September 2, 2010
By Rev Ed Hird
Who can forget the classic 1993 comedy ‘Sleepless in Seattle’ where Sam Baldwin (Tom Hanks) and Annie Reed (Meg Ryan) find healing and romance through the delightful impetuosity of Jonah Baldwin (Ross Malinger ), Sam’s media-savy son? Seattle is a beautiful coastal city to visit that has much in common with Vancouver BC.
Fifty years later…
A few years ago, my family and a Christian Ashram team had the privilege of ministering at John and Holly Roddam’s Seattle congregation, the original epicentre of Anglican renewal which began fifty years ago in 1960 and continues to impact the world. I believe that the renewal birthed in Seattle is God’s wake-up call to a sleepy, self-absorbed Church. As Paul put it in Romans 13:11, “The hour has come for you to wake up from your sleep…”
You may remember St. Eutychus, the patron saint of teenagers, who was literally bored to death during the Apostle Paul’s all-night sermon (Acts 20:9). You may also remember how Jesus’ closest disciples couldn’t stay awake on the Mount of Transfiguration (Luke 9:32) and the Garden of Gethsemane. Jesus even had to say to them: “Why are you sleeping? Get up and pray so that you will not fall into temptation” (Luke 22:46).
Blowing the shofar….
I believe that God is blowing the Shofar of renewal across the Anglican Church saying “Wake up, wake up, before it is too late”. Why has so much confusion crept into much of the Anglican Church regarding sexual immorality, new-age syncretism, and mother/father god/dess worship? Clearly we, as clergy and laity, have been asleep at the switch, instead of being watchmen for our nation. “Let us not be like others who are asleep, but let us be alert and self-controlled.” (1 Thessalonians 5:11)
What is the calling of faithful Anglicans in these perilous times? It is the same calling that many christians parents have on Sunday mornings while attempting to get their teenagers ready for church: “Wake up O sleeper, rise from the dead, and Christ will shine on you!” (Ephesians 5:14) Wake up, O Canada; Wake up O Anglicans; rise from the dead and Christ will shine on you!
Awake o Israel, put off thy slumber…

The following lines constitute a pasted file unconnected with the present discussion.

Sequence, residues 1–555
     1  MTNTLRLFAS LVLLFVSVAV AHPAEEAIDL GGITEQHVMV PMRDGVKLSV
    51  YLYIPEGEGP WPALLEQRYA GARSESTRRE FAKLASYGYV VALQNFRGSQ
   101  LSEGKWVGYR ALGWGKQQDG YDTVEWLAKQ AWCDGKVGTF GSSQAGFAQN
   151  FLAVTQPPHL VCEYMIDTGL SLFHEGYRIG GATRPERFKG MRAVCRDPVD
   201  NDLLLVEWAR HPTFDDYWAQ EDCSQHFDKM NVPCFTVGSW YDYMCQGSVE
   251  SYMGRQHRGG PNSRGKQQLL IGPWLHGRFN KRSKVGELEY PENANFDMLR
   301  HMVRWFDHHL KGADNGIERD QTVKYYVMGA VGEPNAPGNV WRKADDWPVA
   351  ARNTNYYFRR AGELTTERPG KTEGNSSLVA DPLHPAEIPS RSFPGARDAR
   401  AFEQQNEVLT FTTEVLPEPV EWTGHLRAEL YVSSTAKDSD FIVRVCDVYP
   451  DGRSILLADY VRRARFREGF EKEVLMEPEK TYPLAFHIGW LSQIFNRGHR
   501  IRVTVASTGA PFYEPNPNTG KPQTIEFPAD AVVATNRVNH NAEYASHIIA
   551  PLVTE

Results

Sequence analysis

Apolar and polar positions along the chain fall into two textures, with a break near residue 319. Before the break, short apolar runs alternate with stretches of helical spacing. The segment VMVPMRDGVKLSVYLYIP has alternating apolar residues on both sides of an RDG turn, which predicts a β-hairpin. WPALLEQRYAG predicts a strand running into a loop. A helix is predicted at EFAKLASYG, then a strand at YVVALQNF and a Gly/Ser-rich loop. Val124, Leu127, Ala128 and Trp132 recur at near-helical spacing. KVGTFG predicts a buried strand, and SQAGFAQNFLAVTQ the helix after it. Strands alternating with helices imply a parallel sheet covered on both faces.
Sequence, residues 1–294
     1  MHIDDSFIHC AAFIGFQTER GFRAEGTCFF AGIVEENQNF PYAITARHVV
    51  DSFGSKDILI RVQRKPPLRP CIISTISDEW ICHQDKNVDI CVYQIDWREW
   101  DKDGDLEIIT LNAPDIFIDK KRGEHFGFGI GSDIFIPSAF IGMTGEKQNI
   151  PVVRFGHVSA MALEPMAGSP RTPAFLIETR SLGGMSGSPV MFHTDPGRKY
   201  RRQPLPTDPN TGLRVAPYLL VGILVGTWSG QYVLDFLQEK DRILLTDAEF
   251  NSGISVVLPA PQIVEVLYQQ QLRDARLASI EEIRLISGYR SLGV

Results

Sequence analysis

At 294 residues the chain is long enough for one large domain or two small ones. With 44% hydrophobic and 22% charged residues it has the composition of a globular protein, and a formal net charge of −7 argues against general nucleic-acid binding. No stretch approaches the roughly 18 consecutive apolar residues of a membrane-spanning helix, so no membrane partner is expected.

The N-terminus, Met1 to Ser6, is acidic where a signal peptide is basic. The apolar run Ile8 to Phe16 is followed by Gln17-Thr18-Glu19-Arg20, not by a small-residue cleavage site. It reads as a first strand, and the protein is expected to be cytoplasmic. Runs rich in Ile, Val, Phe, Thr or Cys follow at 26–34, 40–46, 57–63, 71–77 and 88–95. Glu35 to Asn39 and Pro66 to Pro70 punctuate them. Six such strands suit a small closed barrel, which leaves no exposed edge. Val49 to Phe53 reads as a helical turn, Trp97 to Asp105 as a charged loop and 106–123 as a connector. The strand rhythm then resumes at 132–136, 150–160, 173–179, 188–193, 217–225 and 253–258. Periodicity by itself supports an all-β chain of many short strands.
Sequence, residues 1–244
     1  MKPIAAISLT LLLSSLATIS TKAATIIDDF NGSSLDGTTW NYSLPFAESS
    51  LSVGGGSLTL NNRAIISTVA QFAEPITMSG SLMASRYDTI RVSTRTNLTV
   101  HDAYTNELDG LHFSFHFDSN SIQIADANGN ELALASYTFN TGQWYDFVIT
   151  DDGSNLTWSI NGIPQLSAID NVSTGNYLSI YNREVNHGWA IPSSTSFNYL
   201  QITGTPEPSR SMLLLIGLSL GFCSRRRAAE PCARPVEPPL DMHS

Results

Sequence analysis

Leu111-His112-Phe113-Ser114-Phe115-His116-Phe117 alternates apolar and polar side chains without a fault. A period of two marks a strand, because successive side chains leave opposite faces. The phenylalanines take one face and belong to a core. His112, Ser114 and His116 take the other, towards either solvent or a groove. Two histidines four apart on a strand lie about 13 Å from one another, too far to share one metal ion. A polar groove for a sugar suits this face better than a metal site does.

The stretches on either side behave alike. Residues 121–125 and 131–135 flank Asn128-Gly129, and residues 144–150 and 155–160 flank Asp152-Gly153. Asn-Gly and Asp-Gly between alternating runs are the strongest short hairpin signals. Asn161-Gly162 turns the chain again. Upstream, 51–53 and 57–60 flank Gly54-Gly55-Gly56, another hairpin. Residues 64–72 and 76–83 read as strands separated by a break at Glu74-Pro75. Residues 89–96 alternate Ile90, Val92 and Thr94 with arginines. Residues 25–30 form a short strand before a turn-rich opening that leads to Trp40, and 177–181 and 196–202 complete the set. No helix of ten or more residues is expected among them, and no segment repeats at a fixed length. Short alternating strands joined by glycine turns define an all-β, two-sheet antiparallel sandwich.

It is little wonder that previous times of renewal (which means new-again) and revival (which means life-again) have been called ‘awakenings’. We think especially of the 18th century First Great Awakening with the Anglican priest George Whitfield and Congregational pastor Jonathan Edwards, and the 19th Century Second Great Awakening with Presbyterian clergyman Charles Finney and Yale President Timothy Dwight.
How deeply we Canadians need to wake up to righteousness (1 Corinthians 15:34). How deeply we Anglicans need to recover the discipline of morning prayer, exemplified in the heritage of our Book of Common Prayer. Then we can cry out like the Psalmist: “Awake my soul! Awake, harp and lyre! I will awaken the dawn.” (Psalm 57:8) Perhaps we can hear Proverbs 6:9-11 as a prophetic calling: “How long will you lie there, you sluggard? When will you get up from your sleep?…”God is saying to us: “Awake, awake, O Zion, clothe yourselves with strength. Put on your garments of splendor…Shake off your dust, rise up…Free yourself from the chains on your neck, O Captive Daughter of Zion.”
Room for the old and the new…
Being in Seattle for the Christian Ashram weekend was a wake-up call to me. Like many churches in renewal, the Roddam’s congregation had both a traditional and then a contemporary service on Sunday mornings. Their congregation proves that the traditional Prayer Book service doesn’t inhibit freedom in the Spirit. It was wonderful to see the gift of prophecy graciously exercised in both services. There is such an anointing on their people who have been soaking in the Spirit for fifty years. Being around such godly people helped me shake off my dust and free myself from the chains on my neck.
What a joy to know that a Canadian Anglican couple, the Rev. John and Holly Roddam, were serving the people of Seattle. Canada, through the ministry of the Rev. Dennis & Rita Bennett, has received so much through the Bennett’s extensive travels across Canada. Many Canadians Anglicans can date their awakening to the reading of the Bennett’s bestsellers like ‘Nine O’clock in the Morning and ‘The Holy Spirit and You’.
Fire from Canada…